“You don’t mean that he bought you of them, knowing how they had come by you?” exclaimed Redgy, horror-stricken.
“No, sir. They were too clever to tell him that, and he was too clever to ask. They merely said they had found me, and they believed my father and mother were dead.”
“And they had excellent reasons for believing so,” remarked Redgy.
“True, sir. Well, old Herman Potgieter took pity on me, as he was pleased to express it. He took me over to the field-cornet’s house, and apprenticed me, after their fashion, to himself, until I should be one-and-twenty years old.”
“Ay, I have heard of that before I left England,” remarked Margetts. “But I thought the age was five-and-twenty, and it was further remarked that it was astonishing how long these apprentices are in reaching their five-and-twentieth year.”
“Just so, sir. The natives seldom know how old they are; indeed, they are seldom able to keep any account of time; and they are obliged to prove that they are five-and-twenty before they can claim their freedom. I have known a native kept in service until he was nearly forty. But though I was not nine years old before I was taken before the field-cornet, I knew something of their ways, having heard my father talk about it. I produced a Prayer-Book he had given me on my eighth birthday, insisting upon it that in a little more than twelve years’ time I should be free. I suppose when they found out I was really an English boy, on my father’s side at all events, they were a little frightened, and thought it best to be cautious.”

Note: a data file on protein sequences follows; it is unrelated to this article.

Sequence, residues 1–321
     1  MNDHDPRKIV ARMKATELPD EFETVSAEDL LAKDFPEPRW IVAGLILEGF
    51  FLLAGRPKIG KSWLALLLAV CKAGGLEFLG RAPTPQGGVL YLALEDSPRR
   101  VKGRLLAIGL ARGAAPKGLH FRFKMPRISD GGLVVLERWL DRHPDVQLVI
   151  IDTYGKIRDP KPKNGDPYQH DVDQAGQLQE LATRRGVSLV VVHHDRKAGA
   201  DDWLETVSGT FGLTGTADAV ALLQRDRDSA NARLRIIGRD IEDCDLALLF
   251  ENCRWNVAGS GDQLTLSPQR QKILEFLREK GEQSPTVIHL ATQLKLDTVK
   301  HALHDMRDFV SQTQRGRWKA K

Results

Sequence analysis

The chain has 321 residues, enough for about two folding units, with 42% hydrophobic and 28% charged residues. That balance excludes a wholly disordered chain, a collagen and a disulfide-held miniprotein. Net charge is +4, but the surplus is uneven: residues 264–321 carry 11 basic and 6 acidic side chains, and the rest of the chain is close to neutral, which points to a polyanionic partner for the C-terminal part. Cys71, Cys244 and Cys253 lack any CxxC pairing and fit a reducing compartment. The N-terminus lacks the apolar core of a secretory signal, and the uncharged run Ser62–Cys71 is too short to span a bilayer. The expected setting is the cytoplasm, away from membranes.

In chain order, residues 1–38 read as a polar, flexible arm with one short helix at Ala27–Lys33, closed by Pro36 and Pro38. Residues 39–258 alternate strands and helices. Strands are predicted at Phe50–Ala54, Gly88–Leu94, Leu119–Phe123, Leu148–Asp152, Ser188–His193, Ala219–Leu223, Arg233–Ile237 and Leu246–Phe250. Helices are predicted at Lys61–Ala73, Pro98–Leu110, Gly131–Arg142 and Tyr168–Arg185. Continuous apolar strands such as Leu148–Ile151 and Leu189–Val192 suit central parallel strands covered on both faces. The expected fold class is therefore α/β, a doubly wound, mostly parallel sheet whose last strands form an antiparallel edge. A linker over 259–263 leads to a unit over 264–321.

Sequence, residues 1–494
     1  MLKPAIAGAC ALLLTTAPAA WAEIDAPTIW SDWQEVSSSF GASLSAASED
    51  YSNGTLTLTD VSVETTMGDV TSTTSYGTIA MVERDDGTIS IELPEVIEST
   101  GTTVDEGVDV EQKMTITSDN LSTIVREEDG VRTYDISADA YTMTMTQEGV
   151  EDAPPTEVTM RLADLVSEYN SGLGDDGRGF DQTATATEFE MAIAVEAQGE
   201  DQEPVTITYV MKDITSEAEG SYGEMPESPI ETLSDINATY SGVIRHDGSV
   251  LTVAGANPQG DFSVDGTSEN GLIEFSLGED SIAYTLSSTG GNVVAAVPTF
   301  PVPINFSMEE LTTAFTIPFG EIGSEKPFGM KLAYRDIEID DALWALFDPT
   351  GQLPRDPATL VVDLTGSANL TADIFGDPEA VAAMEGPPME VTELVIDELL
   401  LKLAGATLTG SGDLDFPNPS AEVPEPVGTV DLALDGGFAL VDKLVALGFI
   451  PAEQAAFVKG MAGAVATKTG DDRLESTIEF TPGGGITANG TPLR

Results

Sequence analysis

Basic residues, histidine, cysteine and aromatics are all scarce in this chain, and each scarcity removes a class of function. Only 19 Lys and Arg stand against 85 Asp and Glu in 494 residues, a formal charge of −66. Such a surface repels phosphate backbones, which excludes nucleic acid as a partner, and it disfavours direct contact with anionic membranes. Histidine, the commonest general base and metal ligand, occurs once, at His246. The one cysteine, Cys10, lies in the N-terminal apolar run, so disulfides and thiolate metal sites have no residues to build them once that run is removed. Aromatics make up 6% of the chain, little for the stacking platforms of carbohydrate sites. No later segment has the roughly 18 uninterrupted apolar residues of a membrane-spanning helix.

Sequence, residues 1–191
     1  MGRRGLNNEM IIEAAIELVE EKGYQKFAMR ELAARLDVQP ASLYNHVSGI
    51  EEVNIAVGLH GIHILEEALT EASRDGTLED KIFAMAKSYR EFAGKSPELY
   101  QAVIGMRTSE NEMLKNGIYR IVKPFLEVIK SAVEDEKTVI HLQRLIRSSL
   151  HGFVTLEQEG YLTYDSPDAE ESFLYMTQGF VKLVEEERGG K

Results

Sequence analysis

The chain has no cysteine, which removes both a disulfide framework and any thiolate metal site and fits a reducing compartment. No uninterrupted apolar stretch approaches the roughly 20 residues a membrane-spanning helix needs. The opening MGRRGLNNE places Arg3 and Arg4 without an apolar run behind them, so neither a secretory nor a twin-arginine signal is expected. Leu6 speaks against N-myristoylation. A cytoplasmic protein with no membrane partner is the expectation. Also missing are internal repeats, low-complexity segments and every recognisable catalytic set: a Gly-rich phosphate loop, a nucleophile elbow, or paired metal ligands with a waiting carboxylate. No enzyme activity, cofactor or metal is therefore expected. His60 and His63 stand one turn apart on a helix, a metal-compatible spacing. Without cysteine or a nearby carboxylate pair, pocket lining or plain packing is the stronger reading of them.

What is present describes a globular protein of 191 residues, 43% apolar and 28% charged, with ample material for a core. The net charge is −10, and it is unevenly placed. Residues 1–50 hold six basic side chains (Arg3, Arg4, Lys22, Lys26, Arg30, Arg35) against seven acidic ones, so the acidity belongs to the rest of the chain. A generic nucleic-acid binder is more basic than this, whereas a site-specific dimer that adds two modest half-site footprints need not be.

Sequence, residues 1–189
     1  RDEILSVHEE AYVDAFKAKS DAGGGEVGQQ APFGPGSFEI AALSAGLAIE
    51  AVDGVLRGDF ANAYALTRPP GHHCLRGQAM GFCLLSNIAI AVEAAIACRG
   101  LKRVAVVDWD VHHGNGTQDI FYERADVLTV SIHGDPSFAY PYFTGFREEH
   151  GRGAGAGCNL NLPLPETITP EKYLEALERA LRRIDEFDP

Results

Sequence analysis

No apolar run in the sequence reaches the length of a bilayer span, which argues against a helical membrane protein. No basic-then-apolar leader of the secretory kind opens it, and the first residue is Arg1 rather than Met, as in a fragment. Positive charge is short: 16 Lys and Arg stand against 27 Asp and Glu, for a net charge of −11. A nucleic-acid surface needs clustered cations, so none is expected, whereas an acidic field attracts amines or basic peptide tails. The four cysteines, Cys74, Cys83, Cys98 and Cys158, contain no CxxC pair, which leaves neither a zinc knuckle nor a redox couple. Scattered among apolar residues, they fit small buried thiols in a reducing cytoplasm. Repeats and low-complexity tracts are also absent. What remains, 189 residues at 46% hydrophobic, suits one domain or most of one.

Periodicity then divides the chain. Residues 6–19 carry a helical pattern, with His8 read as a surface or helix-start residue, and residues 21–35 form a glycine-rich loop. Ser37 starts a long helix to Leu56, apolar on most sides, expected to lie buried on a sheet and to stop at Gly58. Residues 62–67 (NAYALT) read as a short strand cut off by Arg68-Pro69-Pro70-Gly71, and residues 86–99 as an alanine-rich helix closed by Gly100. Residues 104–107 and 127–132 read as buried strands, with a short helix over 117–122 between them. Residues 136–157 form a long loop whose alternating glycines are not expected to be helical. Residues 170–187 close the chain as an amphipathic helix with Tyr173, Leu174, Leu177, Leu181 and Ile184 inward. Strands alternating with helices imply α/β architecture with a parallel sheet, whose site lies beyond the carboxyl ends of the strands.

“I have no doubt of it,” assented Hardy. “I suppose you took good care of your Prayer-Book?”
“Old Potgieter contrived to get hold of that,” said Prestcott; “but I was not to be beaten. The house where my father had lived stood only a few miles off, or rather had once stood, for no one had lived there since it had been wrecked by the Hottentots, and it was a mere ruin. But I knew my father had buried a box under the stone paving in one corner of the room, and that it contained among other articles my baptismal certificate. One day, when I wanted but a few weeks of becoming one-and-twenty, I took a pick-axe with me, went over to my old home, and dug up the box. There was my baptismal certificate, sure enough, and a good bit of money besides, as well as shares in an English company at Cape Town. I put these back into the box, which I buried again, but I took the certificate with me, and on my twenty-first birthday went over to the field-cornet’s again. Old Potgieter thought he had destroyed the evidence of my age, and was dumb-foundered when he saw the signatures to the papers, and durst say no more.
“I repossessed myself of my money and shares, and sold the latter at Cape Town, where they fetched a good price. Then I bought this land here and built this house, where I have lived ever since. I married, but never had any children. A few years ago my wife died, and I have never cared to marry again.”
“What became of old Potgieter, the old wretch?” inquired Redgy.
“Poor old Potgieter!” said Prestcott. “He wasn’t unkind to me after all; and when I heard how barbarously he had been murdered, I was as hot as any one to punish his slayers.”
“How was he murdered?” inquired Hardy.